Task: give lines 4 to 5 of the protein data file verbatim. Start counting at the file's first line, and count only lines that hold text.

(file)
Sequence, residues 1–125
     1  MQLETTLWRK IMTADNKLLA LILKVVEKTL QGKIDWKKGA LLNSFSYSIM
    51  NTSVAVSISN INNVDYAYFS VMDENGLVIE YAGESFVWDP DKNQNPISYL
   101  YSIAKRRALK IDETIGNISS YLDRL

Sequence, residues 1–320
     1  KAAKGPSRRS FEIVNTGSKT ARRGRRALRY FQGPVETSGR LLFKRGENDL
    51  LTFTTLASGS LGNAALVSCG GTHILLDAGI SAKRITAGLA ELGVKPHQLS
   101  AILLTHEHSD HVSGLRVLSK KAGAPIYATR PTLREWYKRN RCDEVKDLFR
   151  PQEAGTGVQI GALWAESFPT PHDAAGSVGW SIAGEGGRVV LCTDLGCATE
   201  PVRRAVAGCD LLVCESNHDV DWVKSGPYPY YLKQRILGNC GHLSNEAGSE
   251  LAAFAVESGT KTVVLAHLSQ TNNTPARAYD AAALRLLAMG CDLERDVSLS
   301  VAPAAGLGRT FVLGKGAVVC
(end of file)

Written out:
   101  YSIAKRRALK IDETIGNISS YLDRL

Sequence, residues 1–320